Jessica Tom's debut novel, Food Whore: A Novel of Dining and Deceit, isn't out until next week — but consider this exclusive excerpt an amuse-bouche. The book is already garnering stellar reviews, and while it's a work of fiction, the story loosely mirror's Tom's own career trajectory; like her novel's main character, Tia Monroe, she too moved to New York City determined to make it in the food industry. Check out this selection from Chapter Four of the novel, courtesy HarperCollins Publishers, and see why it's shaping up to be one of Fall's most tempting reads:
I felt like an intruder. First, I had arrived underdressed in jeans, a black V-neck sweater, and loafers with barely attached soles. Second, I had no idea what working at a restaurant entailed. I had spent the last year mapping out my career with Helen: I'd run to the bodega while Helen did the prep work. We'd make a mess in her tiny home kitchen. We'd compare notes over just-out-of-the-oven pound cake, eaten off vintage cloth napkins.
This was not that. The restaurant was all grand dining room and decorum. The aprons were crisp and snow white. The glassware and china pinged with a sharp perfection. The place sparkled with class.
I shot a text to Elliott saying that I was way out of my league. He responded not to worry and that I could choose a restaurant for dinner that night and tell him about my experience then. I instantly relaxed. Even if the afternoon was a disaster, at least I had Elliott.
"Are you Tia?" a small, narrow-hipped man asked. He wore a blue-and-white-striped French-cuffed shirt and a navy sport jacket with a slight nubby texture, like the underside of a thin-crust pizza. "I'm Jake Ferguson. Welcome to the restaurant. Come this way." He moved his hand toward my elbow, not quite touching it, and I took his lead.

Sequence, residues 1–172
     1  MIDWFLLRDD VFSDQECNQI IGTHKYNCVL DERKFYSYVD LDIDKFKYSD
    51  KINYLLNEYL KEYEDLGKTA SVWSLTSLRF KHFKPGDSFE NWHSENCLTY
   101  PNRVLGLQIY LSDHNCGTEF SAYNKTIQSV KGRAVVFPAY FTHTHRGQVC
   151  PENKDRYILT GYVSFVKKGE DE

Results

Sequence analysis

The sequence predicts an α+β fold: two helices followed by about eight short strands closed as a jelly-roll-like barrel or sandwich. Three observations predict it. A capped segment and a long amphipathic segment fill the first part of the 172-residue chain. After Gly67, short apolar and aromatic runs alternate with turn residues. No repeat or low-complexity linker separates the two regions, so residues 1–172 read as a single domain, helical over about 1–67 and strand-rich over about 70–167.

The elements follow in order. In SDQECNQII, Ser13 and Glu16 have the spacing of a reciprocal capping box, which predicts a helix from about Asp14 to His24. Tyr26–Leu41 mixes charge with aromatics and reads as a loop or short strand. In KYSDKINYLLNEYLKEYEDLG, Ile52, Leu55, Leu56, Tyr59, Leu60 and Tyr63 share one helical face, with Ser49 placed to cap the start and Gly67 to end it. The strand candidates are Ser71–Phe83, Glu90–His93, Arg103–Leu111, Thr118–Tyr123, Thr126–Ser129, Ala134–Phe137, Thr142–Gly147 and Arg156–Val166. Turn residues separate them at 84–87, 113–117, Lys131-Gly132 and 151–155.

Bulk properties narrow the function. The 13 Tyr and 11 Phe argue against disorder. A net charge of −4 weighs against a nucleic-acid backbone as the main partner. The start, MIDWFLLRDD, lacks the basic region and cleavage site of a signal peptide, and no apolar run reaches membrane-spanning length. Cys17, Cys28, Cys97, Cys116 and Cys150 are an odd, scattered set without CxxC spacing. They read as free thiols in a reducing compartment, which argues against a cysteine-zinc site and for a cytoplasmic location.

People filed in as Jake showed me the coatroom, the kitchen, and parts of the dining room hidden from public view.
"This is the water station; this is where we hide the washcloths. Here's where we leave notes for the rest of the staff and keep pictures of key critics."
He revealed a cabinet lined with labeled photos of food writers and their media outlets: Kane Hart, critic at New York, Richard Callahan at the Village Voice, Aria Ramos from the blog Sexy & Hungry in NYC, and others. But there was one face and name that took precedence over them all: Michael Saltz, New York Times.
They had two pages of bullet points about him and seven photos. But they sure weren't of the same skinny, serpentlike man I had met almost two weeks ago. The Michael Saltz in these pictures was plump, formidable, his shirt barely stretching over his belly. But the pictures were faded. The most recent one was dated from last summer.
"Yes, the Big Guy. Public Enemy Number One, Michael Saltz," Jake said, then closed the cabinet.
Did he realize these photos were totally off?